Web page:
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Sheila  Hamilton

Sheila Hamilton

Five-Time Emmy Award-Winning Journalist

Biography

Sheila Hamilton is a five-time Emmy award winning journalist and the host of Portland, Oregon's #1 radio program, Kink.fm. Sheila's storytelling resume runs through film, television, radio and print. As a television anchor and reporter, Sheila covered some of the country's biggest stories, including the explosion of the Space Shuttle Challenger, the bombing of LDS Church officials by forger Mark Hofmann, the mass shooting at Thurston High in Springfield, Oregon and the national figure skating scandal inflicted by Olympic skater Tonya Harding. Sheila recently ventured into reality television programming as a judge on Wanted, Adventure Woman. In 2013, Sheila was voted Oregon's "Best Radio Personality."  Sheila serves on the boards of The Foundation for Excellence in Mental Health Care and the Flawless Foundation. In 2015, she was voted one of “Oregon's Mental Health Heroes." Read More >

Even as a reporter, Sheila missed the signs as her husband David's mental illness unfolded before her. By the time Sheila pieced together the puzzle, it was too late. Her once brilliant and passionate partner was dead within six weeks of a diagnosis of bipolar disorder, leaving his nine-year-old daughter and wife without so much as a note to explain his action, a plan to help them recover from their profound grief, or a solution for the hundreds of thousands of dollars in debt that they would inherit from him.

Hamilton learned first-hand that economic security, a level of fame and health doesn't protect from the ravages of mental illness. She makes a passionate case for understanding the sometimes elusive signs and symptoms of mental illness, especially in high-functioning people, who tend to try to mask their illnesses. She speaks to the chaos and confusion of attempting to help someone who is in denial, and how families can best reach a person who insists they are "fine."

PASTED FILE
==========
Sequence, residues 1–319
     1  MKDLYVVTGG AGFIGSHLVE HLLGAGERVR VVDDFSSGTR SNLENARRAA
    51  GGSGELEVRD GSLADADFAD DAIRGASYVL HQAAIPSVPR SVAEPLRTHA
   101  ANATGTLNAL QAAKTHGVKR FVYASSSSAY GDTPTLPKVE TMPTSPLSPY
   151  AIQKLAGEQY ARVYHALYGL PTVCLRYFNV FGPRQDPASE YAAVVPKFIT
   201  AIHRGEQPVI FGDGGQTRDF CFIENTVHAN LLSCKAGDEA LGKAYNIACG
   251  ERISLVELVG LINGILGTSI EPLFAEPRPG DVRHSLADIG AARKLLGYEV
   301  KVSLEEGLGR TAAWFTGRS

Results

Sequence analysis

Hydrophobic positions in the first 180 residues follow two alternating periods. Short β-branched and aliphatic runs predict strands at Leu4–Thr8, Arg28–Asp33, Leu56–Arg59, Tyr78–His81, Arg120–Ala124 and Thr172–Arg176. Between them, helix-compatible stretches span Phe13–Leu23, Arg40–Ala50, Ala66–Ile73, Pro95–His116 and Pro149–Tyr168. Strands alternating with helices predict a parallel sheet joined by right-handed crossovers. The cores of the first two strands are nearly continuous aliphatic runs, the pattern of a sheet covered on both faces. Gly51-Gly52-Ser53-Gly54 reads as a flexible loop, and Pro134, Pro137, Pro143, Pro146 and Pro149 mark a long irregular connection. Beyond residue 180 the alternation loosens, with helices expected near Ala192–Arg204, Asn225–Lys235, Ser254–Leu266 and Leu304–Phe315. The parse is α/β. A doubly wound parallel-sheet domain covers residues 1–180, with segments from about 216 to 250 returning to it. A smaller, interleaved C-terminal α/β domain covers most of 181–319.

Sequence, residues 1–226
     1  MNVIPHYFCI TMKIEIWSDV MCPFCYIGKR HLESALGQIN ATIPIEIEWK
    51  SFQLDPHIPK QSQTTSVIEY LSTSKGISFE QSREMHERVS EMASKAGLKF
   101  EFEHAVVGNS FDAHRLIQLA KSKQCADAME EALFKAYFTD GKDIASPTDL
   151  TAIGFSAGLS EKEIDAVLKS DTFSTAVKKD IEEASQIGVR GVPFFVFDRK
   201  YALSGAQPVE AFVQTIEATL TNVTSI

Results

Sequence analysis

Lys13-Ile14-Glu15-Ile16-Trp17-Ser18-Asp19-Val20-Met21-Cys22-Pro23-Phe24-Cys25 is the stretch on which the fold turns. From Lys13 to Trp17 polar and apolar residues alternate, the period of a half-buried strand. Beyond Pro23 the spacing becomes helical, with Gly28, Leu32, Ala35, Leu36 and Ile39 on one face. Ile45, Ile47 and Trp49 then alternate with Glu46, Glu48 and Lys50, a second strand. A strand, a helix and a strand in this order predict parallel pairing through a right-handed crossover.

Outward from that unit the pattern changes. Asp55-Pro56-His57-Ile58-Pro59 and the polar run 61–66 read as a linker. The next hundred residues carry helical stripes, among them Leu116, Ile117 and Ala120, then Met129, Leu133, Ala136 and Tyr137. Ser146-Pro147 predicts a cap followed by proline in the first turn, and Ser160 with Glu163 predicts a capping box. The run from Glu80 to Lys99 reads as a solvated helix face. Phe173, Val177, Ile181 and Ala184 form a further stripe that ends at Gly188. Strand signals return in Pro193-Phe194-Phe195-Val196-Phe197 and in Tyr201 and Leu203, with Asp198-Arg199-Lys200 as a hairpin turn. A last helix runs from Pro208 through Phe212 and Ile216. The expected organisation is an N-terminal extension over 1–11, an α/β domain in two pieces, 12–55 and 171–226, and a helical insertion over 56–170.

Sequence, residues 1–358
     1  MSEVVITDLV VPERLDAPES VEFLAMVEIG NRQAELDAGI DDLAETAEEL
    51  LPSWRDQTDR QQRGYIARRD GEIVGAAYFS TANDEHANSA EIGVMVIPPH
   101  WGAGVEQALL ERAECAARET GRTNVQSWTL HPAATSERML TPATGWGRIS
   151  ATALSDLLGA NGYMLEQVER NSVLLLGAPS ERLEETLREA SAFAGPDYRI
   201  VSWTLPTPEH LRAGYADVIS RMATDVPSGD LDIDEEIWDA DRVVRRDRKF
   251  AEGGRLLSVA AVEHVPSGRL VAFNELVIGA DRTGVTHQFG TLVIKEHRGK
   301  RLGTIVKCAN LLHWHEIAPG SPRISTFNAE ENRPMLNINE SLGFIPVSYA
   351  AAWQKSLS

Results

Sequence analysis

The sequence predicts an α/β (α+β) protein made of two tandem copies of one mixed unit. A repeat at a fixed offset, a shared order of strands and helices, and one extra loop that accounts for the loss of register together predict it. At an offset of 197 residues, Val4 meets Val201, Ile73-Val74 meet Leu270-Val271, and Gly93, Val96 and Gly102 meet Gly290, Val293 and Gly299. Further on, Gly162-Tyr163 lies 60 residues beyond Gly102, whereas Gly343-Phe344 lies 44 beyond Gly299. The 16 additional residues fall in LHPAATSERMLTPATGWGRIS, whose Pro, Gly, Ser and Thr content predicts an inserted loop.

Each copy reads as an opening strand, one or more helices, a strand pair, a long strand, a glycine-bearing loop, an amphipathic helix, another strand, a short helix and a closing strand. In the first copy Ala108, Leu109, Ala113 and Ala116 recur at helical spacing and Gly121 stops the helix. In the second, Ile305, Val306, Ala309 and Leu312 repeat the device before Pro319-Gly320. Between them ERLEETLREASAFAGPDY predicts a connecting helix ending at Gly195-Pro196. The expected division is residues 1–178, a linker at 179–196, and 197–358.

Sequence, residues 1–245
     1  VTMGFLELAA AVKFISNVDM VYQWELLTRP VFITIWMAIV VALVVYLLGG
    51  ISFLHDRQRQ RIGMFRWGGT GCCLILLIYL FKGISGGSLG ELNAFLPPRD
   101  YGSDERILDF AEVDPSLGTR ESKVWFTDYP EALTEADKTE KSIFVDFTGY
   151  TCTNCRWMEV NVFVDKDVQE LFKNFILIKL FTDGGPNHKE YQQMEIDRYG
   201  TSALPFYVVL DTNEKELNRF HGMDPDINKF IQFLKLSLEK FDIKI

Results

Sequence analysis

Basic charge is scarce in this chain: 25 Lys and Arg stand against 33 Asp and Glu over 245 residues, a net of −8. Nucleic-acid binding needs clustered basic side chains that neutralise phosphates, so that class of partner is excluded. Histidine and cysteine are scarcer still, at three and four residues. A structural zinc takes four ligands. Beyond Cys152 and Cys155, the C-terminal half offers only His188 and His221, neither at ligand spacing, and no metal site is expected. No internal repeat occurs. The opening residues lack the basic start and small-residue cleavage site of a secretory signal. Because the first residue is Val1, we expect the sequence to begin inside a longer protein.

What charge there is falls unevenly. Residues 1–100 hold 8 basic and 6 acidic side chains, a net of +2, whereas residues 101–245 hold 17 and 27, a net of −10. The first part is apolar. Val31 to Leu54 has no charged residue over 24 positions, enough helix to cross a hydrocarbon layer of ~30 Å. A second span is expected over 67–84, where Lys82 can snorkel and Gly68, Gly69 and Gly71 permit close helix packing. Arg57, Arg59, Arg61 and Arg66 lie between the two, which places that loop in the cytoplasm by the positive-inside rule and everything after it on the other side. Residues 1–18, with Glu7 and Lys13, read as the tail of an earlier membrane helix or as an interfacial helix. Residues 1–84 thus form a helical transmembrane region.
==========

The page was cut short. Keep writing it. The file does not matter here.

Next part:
Sheila has researched best mental health practices in the United States, Great Britain and Canada and is a passionate advocate for expanded behavioral healthcare services. "For too long," Hamilton says, "We have relied on a pharmaceutical approach to mental illness that ignores the social, economic, and traumatic sources of brain illnesses. The question should not be, "What's wrong with you, but what happened to you?"

Hamilton's own healing began when she began to adopt mindfulness practices in order to heal from the trauma of her husband's suicide. She urges policy makers to begin early childhood education teaching primary-aged children how to self-soothe, how to work with their own thoughts and behaviors and how to develop more compassion for others. "Nobody is alone in this world. We have to coexist and take care of each other. "

Hamilton also urges survivors to end the cycle of suicide in families by fiercely advocating for the suffering. "We should demand an acknowledgement of brain illness as worthy of care, funding, and research as heart disease, cancer, and diabetes. While every other measure of public health improves, this is the tenth year the suicide rate has increased." Hamilton speaks to the hero's journey, the person who journeys through horrendous conditions in order to expand his or her consciousness. She urges us to overcome the shame of suicide and talk openly and humanly about it. It affects us all. Her hope is that another life as exquisite as her husband's might be saved, and the sensitive ones will not only survive, but thrive.